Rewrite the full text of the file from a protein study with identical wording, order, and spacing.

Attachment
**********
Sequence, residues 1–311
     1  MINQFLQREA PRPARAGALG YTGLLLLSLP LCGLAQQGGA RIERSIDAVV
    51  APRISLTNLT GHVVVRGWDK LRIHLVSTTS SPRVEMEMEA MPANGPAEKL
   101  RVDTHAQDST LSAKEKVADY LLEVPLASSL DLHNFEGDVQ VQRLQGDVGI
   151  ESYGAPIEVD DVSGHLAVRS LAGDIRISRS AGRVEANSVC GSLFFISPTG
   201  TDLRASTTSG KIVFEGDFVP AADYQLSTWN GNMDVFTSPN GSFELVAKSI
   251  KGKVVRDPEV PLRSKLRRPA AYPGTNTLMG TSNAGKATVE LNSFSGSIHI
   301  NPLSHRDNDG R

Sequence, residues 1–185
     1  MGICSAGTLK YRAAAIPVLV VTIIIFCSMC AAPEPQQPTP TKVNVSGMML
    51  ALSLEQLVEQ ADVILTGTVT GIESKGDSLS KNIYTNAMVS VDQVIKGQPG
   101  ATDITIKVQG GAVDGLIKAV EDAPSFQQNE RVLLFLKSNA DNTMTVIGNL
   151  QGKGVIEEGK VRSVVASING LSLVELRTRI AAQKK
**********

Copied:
Sequence, residues 1–311
     1  MINQFLQREA PRPARAGALG YTGLLLLSLP LCGLAQQGGA RIERSIDAVV
    51  APRISLTNLT GHVVVRGWDK LRIHLVSTTS SPRVEMEMEA MPANGPAEKL
   101  RVDTHAQDST LSAKEKVADY LLEVPLASSL DLHNFEGDVQ VQRLQGDVGI
   151  ESYGAPIEVD DVSGHLAVRS LAGDIRISRS AGRVEANSVC GSLFFISPTG
   201  TDLRASTTSG KIVFEGDFVP AADYQLSTWN GNMDVFTSPN GSFELVAKSI
   251  KGKVVRDPEV PLRSKLRRPA AYPGTNTLMG TSNAGKATVE LNSFSGSIHI
   301  NPLSHRDNDG R

Sequence, residues 1–185
     1  MGICSAGTLK YRAAAIPVLV VTIIIFCSMC AAPEPQQPTP TKVNVSGMML
    51  ALSLEQLVEQ ADVILTGTVT GIESKGDSLS KNIYTNAMVS VDQVIKGQPG
   101  ATDITIKVQG GAVDGLIKAV EDAPSFQQNE RVLLFLKSNA DNTMTVIGNL
   151  QGKGVIEEGK VRSVVASING LSLVELRTRI AAQKK